Mt. Vernon Register-News

Opinion

June 18, 2014

Why don't we care about GM recall?

NEW YORK — In case you thought there couldn’t possibly be another General Motors recall so soon, you’re just not thinking big enough. This week, GM said it was recalling 3.36 million more cars. The cause: an ignition switch defect that could result in keys carrying extra weight (read: a keychain) to slip out of position and shut the vehicle off abruptly during “some jarring event.”

For those who are just tuning into the GM recall saga, some quick facts. GM has issued 44 recalls in North America this year alone. More than 20 million vehicles have been affected worldwide — a tremendous figure that surpasses total annual vehicle sales in the U.S. The recall pace has snowballed since the start of the year, with only two issued in January, but 14 so far this June for some 4.2 million vehicles. With half of the year left to go, GM is already looking at $2 billion in total recall-related charges.

While some recalls have been over more severe issues than others, the breadth and scope of GM’s fiasco this year reveals a shocking safety crisis. At its current rate, GM is on track to shatter the entire auto industry’s record for most vehicles affected in recalls in a single year, explains Michael Schultz, an industry analyst at the Center for Automotive Research. “It’s unprecedented,” says Schultz, who also expects that the company isn’t done yet. “I anticipate there’s going to be more until they have literally nothing else possible to issue a recall on,” he says.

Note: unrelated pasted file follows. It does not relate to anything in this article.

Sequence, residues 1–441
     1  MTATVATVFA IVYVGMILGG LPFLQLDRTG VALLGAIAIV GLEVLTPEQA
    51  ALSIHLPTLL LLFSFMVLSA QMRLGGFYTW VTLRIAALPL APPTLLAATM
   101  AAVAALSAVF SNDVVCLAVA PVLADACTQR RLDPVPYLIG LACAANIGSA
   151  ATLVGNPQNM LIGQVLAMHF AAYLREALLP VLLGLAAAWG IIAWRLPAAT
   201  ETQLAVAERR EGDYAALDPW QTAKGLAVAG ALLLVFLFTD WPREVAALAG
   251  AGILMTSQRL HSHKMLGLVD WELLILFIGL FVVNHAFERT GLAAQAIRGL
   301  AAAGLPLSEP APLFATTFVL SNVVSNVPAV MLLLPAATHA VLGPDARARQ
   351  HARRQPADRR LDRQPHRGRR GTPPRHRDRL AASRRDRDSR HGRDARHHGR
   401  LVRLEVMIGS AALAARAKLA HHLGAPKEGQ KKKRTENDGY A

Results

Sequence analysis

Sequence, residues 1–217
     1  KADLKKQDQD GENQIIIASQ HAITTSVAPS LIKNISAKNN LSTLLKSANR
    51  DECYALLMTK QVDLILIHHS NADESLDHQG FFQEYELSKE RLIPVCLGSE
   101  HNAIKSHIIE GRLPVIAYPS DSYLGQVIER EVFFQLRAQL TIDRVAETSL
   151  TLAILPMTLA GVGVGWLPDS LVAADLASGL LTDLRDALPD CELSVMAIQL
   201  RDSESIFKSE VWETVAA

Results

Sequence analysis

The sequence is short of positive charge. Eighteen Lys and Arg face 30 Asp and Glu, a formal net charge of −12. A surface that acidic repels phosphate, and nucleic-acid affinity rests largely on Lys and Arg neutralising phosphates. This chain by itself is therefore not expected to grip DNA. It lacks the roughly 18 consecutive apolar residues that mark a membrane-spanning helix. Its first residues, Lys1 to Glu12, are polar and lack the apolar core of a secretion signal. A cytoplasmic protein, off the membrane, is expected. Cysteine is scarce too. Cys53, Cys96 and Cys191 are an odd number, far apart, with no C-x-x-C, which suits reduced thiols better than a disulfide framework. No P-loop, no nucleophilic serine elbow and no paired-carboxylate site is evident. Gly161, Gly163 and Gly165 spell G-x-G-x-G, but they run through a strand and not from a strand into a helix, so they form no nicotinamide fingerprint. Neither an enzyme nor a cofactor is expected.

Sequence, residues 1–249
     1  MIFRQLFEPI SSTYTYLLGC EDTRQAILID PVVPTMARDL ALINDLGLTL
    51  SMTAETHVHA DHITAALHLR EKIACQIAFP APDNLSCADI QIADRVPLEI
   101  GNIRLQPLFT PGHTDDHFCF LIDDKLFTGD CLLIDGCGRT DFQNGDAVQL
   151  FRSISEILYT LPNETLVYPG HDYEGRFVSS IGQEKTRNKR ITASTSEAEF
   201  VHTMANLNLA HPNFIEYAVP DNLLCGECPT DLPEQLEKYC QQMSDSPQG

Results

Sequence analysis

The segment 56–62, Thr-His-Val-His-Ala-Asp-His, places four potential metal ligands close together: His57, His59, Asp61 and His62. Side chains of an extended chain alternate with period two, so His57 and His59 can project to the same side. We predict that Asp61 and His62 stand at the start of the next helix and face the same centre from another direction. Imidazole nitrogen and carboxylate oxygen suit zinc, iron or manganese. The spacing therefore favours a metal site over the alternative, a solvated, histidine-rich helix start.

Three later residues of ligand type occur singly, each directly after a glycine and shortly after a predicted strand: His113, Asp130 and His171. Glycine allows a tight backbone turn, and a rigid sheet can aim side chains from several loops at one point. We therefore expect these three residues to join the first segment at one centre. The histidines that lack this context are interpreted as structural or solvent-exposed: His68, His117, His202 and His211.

GM’s latest recall is eerily reminiscent of a deadly ignition switch defect that led it to recall 2.6 million cars in February and March. In that case, GM said that if the keys in the cars were at all jostled, the vehicles’ engines might turn off and shut down crucial systems like airbags and brakes; the defect has been linked to at least 13 deaths and 54 crashes. Earlier this month, an internal investigation denounced GM for a decade of negligence in addressing a problem it knew was serious. Fifteen employees have since been fired.

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